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 By David Fleet, Managing Director, Client On-boarding and Management, Standard Chartered Access to safe, high-quality banking is something often taken for granted.

Just as we expect water when we turn on the tap and light when we flick a switch, we’ve come to rely on the rapid availability of checking accounts, ATMs and loans whenever and wherever we may need them. But we rarely consider the substantial network of secure resources required to make these conveniences a reality — and the challenges of providing access to financial services in the developing world.

Through correspondent banking, global banks are increasingly able to safely and securely deliver capital across the developed and developing world, forming the cornerstone of the global financial ecosystem. But for this system to function properly, it requires thorough risk management processes and standards, which must be unified across both large financial institutions and their smaller counterparts around the world. For global banks serving emerging markets, there is a balance to strike between providing customers with access to capital and the financial system, while managing potentially higher risks of doing business.

As a correspondent bank, Standard Chartered is a pioneer in increasing the availability of capital in the developing world. In recent years, we have embarked on several “in market” initiatives that engage clients, regulators and banks to discuss the best ways to fight financial crime. By working with the necessary parties on the ground, we can provide educational tools that help make correspondent banking safer for everyone, especially in areas of high demand such as Africa, the Indian subcontinent, and northern Asia. This open dialogue is not only a powerful risk management tool that raises the bar for all banks, but it also creates greater cross-border standardization, which will help to legitimize regional banks on a global level.

Where information is vast, the standardization of data is powerful. The key is to store and share data in a way that maximizes its efficacy. That’s why we often look to utility compliance solutions as a way to enhance our understanding of clients and counter parties, and to better align other banks with our risk management policies.

Utility solutions allow us and other banks to better normalize and share due diligence data to enhance our understanding of clients and counter parties.There are a number of advantages to this collaborative approach. First, having this kind of data so easily accessible means clients can be onboarded faster and with greater confidence. This decreases the latency between the introductory period and profitability, bringing down operational costs and increasing profit. The centralization of this data also allows for easier interpretation and comparison analyses of different potential correspondent banking relationships.For example, it allows for more efficient identification of irregularities and reduces the potential for financial crime.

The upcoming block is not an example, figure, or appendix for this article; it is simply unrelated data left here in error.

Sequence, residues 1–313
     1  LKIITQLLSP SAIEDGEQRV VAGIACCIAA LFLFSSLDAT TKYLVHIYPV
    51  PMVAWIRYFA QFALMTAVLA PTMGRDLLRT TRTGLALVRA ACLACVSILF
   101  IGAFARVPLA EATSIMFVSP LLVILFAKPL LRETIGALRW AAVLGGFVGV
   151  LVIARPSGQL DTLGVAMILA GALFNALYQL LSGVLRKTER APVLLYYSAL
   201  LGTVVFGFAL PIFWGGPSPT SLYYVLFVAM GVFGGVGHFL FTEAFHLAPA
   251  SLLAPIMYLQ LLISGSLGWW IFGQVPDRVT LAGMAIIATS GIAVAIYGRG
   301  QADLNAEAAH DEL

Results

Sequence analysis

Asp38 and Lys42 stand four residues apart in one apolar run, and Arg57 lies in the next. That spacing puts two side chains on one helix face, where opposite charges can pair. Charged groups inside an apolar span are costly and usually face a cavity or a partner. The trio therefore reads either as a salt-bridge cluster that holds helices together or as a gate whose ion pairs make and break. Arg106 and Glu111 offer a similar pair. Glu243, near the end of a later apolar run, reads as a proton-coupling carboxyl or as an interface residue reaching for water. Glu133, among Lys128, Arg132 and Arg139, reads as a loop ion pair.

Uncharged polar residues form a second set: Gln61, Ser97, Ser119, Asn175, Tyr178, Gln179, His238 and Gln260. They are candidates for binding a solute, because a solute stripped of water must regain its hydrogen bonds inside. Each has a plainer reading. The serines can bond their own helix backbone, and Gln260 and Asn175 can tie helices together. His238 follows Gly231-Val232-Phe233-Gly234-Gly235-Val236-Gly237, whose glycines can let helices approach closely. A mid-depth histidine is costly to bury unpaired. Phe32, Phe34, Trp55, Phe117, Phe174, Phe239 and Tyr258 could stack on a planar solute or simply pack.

Utility solutions can also serve as a powerful tool for financial inclusion, bringing more banks into the global financial ecosystem. They increase data transparency for a broader set of banks and their counterparties, making it far easier to conduct business with them. If a bank’s data is available through a centralized repository such as the SWIFT KYC Registry, which allows thousands of financial institutions to securely share ‘Know Your Customer’ data with each other, it’s a solid indicator that they have nothing to hide.

There are, however, challenges with the increased availability of data. The structuring of any shared system or database will have to rely on effective permissioning, ensuring that the stored data will only be available to accredited institutions. This helps safeguard the information with the necessary privacy and cyber security controls.

Additionally, the current methods of collecting correspondent banking data are relatively diverse. Standardization has progressed to the point where there may be one “language” of regulatory standard throughout the world, but there are still many “dialects” within those languages that can cause oversights and errors. Ironing out these issues is especially important given that such solutions dramatically increase in relevance as they become more widely adopted.

Standardization is best achieved through broad input: the more global institutions share their KYC information, the more effective the utility becomes. Standardization in and of itself is a powerful tool that can promote inclusion of additional correspondent banks. For local or regional banks, utility tools represent an opportunity to demonstrate compatibility with international standards and suitability for maintaining access to global sources of capital. Creating a single set of standards allows these banks to see a singular benchmark and work towards meeting it, allowing for less frictional capital access.

Correspondent banking only works if all financial institutions have an equal seat at the table.By giving smaller, regional banks a chance to meet global standards, utility solutions promote financial inclusion and help facilitate greater investment in the developing world. Together, the financial institutions of the world stand a real chance to significantly reduce financial crime and build trust in the global financial system.

Global Banking & Finance Review


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